1)       PATASHI with its tiny floral designs of buds, leaves and stems.

2)       JHAD with its interviewing tendrils and distinctive border lines.

3)       HATHI- the elephant

Bagru prints form the essential part of the block printing industry of Rajasthan. The village fabricates some of the bed covers and other materials. They are known for their unique designs of luxuriant trellises in sophisticated natural colors. Printed Lengths of rough cotton about 50 cm wide were typically sewn color, and different prints served as identifying emblems for various Hindu castes. 
Pipad, a small town in Jodhpur district of western Rajasthan (65 km from jodhpur city) is producing good hand block prints. Dry arid climatic conditions at Pipad are favorable for hand block prints. The conventional art of printing using natural dyes colors on cotton fabric by wooden block is the speciality of this place. The motif and color is inspired by local traditions, flora and fauna of this area. In the 80’s more  printers practiced this craft but due to decline of demand of natural fabrics and availability of widely available and cheaper synthetic printed fabrics, most dyers and printers left this craft in the era of 1980-85. Here “Yaseen Shahabuddin and his family”  has been continuously doing this work from the last five to six generations. Presently they are using natural dyes for cotton, cotton silk and silk printing and sell the fabric to buyers like FabIndia, Rangotri and other national andinternational markets. The most common raw materials used by craftsmen at Pipad village were harada (myrobolan), Iron fillings, Gud (jaggery) , Alum, Kesula flowers, Natural Indigo, Guar gum or Babool gum ( thickener).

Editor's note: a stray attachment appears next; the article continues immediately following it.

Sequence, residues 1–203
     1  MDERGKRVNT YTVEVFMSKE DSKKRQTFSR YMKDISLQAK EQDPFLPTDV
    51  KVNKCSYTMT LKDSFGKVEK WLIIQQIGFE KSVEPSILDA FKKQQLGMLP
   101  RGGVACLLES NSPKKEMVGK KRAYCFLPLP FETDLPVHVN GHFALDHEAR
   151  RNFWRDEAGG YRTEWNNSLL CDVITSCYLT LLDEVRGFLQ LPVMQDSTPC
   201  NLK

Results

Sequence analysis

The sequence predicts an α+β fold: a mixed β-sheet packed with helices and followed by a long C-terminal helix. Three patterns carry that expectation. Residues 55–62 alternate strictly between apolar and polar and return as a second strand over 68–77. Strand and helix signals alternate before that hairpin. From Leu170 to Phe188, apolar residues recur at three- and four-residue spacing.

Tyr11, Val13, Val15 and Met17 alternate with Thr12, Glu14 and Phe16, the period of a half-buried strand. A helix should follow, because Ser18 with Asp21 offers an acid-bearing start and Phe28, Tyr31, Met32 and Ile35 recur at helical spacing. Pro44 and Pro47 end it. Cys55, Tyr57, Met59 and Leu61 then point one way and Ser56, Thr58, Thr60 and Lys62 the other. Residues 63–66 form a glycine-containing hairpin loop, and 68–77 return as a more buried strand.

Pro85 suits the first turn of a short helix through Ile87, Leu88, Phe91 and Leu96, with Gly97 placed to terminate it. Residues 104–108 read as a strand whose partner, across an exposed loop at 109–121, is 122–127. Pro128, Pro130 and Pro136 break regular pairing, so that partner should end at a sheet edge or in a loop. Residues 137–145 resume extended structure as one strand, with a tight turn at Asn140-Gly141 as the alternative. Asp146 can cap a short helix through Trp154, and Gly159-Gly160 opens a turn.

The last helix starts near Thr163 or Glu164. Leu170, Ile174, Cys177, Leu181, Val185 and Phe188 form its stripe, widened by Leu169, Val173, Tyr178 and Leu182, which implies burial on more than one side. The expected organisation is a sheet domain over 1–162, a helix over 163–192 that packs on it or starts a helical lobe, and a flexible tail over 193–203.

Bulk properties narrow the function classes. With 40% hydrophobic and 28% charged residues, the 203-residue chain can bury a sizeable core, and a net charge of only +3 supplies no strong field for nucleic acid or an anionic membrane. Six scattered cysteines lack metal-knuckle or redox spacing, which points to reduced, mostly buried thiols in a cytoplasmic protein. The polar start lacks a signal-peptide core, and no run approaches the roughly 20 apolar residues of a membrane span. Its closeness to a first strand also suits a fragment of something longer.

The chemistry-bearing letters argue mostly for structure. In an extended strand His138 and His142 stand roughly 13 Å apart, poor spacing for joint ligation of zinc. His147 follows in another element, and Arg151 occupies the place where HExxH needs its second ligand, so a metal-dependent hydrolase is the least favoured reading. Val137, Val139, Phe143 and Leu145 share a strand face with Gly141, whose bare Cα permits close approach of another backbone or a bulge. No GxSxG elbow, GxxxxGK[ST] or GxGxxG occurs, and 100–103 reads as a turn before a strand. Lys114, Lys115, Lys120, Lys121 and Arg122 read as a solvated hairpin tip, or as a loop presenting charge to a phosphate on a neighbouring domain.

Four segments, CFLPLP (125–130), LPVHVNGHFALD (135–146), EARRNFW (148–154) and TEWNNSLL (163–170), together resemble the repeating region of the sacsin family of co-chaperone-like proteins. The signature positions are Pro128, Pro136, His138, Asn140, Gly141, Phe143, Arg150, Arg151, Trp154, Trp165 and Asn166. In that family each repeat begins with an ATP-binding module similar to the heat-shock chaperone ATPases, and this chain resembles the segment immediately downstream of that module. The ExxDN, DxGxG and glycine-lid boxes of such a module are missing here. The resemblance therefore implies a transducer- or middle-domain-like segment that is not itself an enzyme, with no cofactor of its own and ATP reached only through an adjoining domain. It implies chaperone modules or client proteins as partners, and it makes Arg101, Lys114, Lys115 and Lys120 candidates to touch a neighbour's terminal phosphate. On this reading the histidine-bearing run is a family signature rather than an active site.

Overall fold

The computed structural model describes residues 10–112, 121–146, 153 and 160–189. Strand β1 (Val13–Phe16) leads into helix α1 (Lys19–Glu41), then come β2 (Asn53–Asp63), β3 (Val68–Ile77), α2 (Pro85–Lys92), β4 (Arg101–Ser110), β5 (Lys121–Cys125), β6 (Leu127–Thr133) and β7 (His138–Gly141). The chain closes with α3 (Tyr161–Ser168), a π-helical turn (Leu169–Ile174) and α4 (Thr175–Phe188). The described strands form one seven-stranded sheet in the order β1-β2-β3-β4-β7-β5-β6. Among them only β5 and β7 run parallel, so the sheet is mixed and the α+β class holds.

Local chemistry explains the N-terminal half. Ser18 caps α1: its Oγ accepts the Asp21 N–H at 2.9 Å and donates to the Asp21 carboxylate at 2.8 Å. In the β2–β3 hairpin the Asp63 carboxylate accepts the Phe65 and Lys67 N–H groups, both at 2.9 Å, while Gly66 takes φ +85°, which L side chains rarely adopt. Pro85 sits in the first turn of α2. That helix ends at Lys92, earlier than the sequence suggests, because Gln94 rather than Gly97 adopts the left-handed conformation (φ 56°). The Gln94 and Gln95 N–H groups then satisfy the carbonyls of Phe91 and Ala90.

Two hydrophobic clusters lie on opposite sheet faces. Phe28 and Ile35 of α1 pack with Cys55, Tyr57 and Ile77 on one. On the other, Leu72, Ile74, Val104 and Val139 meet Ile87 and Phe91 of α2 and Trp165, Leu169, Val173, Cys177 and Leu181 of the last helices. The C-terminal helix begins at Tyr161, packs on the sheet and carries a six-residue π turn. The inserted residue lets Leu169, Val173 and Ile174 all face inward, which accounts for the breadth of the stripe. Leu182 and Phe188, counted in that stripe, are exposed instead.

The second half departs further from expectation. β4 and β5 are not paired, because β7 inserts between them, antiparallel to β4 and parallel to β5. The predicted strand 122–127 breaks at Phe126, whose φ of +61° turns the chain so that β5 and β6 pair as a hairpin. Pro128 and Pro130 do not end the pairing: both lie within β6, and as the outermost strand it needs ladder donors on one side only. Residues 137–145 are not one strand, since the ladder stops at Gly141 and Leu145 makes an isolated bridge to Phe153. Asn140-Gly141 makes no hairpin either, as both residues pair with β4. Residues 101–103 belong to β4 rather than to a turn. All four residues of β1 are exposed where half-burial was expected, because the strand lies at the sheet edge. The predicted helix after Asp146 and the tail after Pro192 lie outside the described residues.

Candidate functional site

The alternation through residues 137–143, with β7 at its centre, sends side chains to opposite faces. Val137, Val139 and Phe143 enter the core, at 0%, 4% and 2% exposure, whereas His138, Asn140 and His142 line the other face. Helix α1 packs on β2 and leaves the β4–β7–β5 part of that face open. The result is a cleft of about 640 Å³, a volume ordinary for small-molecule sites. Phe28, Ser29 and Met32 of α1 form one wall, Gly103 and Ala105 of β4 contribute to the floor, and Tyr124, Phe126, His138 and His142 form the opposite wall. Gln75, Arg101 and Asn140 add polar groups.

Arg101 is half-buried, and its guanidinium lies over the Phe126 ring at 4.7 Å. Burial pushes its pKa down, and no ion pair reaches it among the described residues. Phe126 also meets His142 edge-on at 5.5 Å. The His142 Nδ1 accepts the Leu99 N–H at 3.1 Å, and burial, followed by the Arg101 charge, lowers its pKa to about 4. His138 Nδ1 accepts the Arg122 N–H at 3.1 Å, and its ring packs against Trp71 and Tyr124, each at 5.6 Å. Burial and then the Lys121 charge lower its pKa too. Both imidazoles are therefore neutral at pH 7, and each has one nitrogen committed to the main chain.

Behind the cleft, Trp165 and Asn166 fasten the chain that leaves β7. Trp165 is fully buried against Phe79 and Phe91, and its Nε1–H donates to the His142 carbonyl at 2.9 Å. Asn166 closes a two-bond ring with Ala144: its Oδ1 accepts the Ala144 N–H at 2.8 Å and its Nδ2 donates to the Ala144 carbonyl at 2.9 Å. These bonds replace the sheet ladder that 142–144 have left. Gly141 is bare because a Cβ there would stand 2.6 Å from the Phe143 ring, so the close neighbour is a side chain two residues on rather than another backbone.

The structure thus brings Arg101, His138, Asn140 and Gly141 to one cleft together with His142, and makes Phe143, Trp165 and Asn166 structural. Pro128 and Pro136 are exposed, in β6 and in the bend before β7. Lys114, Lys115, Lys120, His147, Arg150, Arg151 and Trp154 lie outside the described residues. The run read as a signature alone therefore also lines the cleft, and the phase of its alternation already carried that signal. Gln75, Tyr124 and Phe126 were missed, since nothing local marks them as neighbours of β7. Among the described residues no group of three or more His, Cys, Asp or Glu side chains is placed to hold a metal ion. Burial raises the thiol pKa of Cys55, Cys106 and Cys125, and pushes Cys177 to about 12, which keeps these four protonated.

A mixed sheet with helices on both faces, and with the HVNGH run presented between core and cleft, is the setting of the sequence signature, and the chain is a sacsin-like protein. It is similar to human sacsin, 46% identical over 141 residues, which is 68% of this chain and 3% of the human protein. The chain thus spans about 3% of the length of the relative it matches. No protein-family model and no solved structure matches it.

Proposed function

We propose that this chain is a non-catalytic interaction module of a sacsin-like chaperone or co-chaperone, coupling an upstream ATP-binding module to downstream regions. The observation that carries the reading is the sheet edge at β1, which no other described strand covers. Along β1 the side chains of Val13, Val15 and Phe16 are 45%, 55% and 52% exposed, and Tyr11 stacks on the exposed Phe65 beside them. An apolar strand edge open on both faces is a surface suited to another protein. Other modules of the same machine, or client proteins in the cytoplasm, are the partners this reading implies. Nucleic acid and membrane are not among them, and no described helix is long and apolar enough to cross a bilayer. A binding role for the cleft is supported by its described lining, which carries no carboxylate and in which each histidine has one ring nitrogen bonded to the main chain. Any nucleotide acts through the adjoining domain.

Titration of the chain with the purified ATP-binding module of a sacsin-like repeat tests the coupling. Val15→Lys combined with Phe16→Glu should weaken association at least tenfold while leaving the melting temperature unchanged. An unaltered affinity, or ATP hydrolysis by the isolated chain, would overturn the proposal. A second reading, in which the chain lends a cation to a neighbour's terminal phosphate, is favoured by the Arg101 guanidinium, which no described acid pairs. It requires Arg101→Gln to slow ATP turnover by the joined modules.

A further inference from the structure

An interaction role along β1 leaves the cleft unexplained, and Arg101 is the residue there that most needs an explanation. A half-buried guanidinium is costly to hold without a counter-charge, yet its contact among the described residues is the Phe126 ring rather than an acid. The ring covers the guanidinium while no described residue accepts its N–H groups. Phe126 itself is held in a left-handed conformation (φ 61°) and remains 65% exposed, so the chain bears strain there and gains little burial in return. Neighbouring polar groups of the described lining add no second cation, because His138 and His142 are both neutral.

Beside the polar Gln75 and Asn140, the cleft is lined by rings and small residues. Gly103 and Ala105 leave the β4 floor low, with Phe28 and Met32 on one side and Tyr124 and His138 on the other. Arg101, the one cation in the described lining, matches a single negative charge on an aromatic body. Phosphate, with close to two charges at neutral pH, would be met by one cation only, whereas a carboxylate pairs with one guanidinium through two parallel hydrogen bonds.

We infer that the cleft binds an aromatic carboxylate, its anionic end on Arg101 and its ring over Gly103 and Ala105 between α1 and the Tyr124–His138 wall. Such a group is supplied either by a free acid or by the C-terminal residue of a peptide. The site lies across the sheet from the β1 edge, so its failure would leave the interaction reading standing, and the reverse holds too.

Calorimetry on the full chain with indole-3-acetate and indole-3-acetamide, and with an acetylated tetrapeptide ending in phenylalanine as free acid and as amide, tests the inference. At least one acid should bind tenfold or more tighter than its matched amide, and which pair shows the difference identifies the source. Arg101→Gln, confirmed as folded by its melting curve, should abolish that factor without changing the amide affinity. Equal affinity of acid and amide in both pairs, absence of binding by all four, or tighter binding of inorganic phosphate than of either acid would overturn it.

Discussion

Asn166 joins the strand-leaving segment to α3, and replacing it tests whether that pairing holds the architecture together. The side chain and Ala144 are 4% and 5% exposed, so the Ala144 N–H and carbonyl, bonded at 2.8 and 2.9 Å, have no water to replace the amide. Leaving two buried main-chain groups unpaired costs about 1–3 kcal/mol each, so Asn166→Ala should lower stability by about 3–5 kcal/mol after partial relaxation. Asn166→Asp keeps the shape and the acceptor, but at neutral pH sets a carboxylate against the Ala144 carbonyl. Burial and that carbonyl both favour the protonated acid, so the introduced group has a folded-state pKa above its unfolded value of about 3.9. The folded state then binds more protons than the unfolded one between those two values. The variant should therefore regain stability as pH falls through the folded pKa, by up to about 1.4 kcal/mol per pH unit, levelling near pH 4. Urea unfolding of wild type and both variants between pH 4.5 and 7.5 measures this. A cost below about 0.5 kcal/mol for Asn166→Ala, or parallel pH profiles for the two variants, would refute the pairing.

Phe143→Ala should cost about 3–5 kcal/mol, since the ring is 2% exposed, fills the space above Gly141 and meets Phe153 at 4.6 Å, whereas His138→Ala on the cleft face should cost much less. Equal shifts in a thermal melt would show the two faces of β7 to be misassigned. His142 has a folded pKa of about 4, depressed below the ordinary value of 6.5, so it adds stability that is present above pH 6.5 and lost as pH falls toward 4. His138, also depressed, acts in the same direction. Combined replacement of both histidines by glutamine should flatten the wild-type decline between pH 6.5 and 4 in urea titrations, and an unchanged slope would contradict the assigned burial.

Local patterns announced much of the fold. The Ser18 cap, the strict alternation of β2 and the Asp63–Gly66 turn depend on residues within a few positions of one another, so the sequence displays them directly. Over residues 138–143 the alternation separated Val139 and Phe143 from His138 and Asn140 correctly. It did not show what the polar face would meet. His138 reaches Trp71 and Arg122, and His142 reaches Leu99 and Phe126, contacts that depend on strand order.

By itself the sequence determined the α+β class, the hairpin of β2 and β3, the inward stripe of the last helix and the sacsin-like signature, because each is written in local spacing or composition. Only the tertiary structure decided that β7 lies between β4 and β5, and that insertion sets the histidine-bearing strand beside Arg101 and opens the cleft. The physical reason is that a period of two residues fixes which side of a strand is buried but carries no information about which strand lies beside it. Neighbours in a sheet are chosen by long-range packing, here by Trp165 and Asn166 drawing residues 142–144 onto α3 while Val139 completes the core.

Printing Process:

The process begins with the plain cloth. The raw fabric usually contains different kinds of impurities like oil and dust, starch which needs to be cleaned to remove these impurities. The Chippa community requires two days to prepare a paste by mixing soda ash, sesame oil and cow-dung and washing the cloth with this mixture. This cloth is now washed, dried and ready for the “Harda” treatment. In these treatments the fabrics are then squeezed to dry and laid down in the sun. Almost each and every stage requires the cloth to be washed in water and dried in the sun to remove the impurities. Nowadays, the village community has made a new initiative to reuse the used water for recycling or charging inside the ground.

Blocks made of wooden for hand block prints